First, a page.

Lithium is an extremely reactive element. This means that it is rarely found in a pure form in the environment. (3) Instead, Lithium exists in the form of compounds in different regions over the world. The greatest reserves of “Lithium compounds (60%) are found in Central and South America, specifically areas in Chile and Brazil”. (3) These countries have very poorly implemented environmental protection laws. Thus, this allows companies to extract the Lithium and separate it using toxic chemicals for a cheap price. Also, there is no fixed limit to how much a company can extract per unit time in order to keep the Lithium reserves growing at a sustainable rate. (9)

All this means that the environment around the mining sites is affected quite detrimentally. This goes against Toyota’s concept of environmental friendliness and can be considered as a breach of ethics. A report by Demorro states that an earlier plant used by Toyota in Ontario, Canada “has caused so much environmental damage to the surrounding environment that NASA has used the ‘dead zone’ around the plant to test moon rovers. The area around the plant is devoid of any life for miles.”(10)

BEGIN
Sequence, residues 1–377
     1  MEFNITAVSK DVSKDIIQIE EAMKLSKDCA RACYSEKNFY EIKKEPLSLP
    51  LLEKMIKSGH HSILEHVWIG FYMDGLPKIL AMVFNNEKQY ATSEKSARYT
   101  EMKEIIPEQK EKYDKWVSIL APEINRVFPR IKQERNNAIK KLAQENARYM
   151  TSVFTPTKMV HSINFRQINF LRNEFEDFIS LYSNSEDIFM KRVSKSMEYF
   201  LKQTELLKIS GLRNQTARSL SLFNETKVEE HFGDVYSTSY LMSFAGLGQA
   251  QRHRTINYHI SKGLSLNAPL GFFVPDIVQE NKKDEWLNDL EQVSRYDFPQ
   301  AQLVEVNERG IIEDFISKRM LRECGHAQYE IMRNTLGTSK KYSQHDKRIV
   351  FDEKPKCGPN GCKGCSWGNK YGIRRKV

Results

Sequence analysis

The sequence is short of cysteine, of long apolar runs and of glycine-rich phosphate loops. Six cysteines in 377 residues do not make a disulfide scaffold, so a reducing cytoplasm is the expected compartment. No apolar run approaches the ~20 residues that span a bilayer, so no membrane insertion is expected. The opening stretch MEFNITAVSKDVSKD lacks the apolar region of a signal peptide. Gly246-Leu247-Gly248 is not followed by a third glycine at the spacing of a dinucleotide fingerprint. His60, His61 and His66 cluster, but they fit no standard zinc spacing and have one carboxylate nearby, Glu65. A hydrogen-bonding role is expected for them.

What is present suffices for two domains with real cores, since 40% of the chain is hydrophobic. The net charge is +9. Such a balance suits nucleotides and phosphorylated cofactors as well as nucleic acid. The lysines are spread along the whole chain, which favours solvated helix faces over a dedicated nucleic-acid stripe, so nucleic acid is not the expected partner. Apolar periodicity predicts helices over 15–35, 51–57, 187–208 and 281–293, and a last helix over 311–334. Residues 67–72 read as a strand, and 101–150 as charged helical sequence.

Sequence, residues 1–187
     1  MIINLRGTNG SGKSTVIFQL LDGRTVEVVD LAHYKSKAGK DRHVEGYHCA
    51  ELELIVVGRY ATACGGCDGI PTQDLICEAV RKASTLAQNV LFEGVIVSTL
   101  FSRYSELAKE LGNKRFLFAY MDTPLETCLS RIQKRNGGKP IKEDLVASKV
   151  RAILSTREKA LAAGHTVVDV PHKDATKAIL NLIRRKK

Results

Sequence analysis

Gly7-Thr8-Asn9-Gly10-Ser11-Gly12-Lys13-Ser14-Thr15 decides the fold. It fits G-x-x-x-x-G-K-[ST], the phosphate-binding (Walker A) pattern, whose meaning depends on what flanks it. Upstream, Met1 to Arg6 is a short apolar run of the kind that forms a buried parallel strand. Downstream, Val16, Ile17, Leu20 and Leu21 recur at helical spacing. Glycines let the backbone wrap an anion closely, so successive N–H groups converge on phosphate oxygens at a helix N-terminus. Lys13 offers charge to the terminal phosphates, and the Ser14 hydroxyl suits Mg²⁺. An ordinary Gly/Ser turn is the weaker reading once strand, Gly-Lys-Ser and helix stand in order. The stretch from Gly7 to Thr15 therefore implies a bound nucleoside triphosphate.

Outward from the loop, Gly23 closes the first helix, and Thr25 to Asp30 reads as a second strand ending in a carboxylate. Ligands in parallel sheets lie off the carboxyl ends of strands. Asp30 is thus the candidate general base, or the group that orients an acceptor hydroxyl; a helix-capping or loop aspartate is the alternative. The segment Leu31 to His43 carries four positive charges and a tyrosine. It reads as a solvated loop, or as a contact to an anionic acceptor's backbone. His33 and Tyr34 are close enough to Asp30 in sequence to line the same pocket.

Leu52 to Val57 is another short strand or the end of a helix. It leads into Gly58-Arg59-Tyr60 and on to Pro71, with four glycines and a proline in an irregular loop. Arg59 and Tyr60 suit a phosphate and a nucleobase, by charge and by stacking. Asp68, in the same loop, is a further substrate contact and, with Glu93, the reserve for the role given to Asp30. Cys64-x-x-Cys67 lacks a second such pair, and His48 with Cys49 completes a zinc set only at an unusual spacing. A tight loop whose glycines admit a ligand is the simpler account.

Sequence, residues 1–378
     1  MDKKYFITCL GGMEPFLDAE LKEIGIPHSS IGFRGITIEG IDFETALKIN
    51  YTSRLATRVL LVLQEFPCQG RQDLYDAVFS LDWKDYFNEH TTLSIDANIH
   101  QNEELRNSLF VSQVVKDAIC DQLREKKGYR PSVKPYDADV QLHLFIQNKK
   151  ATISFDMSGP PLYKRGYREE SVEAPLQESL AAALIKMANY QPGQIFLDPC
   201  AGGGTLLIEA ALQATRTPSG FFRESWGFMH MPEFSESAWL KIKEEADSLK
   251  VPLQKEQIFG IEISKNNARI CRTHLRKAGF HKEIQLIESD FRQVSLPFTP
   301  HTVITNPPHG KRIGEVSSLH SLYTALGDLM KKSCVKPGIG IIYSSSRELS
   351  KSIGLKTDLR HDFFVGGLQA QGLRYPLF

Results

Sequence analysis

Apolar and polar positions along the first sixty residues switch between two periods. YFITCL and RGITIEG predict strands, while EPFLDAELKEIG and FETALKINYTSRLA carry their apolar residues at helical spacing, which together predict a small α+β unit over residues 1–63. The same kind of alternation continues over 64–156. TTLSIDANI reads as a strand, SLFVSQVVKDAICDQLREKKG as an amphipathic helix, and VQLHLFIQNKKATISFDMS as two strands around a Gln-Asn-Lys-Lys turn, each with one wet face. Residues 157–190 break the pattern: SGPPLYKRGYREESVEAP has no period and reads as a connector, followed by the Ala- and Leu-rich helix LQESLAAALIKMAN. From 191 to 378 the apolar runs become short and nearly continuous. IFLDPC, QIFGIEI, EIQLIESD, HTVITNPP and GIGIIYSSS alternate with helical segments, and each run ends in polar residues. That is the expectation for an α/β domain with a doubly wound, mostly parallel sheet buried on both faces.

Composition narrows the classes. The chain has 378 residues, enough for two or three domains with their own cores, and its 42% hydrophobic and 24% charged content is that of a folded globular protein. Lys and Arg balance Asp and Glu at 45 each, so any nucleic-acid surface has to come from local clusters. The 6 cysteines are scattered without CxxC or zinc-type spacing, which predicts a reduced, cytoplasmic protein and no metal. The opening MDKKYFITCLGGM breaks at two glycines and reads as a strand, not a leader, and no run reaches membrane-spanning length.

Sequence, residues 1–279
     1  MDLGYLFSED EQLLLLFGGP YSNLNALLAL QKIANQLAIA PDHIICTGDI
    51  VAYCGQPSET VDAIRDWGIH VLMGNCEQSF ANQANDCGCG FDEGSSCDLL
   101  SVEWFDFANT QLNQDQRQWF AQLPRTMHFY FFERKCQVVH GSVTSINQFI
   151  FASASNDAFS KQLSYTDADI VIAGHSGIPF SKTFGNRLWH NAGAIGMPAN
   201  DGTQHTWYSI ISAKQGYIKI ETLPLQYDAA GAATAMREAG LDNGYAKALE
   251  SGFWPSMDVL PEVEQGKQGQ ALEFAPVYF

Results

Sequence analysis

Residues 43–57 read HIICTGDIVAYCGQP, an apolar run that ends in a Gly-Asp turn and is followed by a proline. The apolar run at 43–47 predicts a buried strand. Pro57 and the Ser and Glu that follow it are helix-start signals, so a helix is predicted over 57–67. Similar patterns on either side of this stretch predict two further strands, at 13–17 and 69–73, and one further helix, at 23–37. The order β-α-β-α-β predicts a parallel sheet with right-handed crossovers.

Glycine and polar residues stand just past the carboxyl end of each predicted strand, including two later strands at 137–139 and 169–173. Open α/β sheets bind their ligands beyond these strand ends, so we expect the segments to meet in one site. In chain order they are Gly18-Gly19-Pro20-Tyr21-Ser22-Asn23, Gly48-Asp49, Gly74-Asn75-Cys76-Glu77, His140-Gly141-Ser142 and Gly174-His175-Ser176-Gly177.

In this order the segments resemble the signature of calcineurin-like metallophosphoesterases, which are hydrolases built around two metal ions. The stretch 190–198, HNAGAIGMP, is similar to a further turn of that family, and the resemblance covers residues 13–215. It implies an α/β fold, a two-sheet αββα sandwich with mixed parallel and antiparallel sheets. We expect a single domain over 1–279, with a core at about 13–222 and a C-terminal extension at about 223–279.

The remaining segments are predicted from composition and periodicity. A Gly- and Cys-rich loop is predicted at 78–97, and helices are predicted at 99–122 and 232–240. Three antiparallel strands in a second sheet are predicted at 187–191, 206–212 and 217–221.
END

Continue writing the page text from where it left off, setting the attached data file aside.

Manufacturing Issue

The retrieved Lithium is shipped to Europe. Here it is processed through a refinery. From the refinery, it is again shipped out, this time to China. Here, it is changed into a form which is capable of being used in the Lithium-Ion batteries. Only after this whole process has taken place will the Lithium be able to be used in batteries in Japan. This in turn means that huge amounts of energy are used to convert the Lithium ores to a useable material.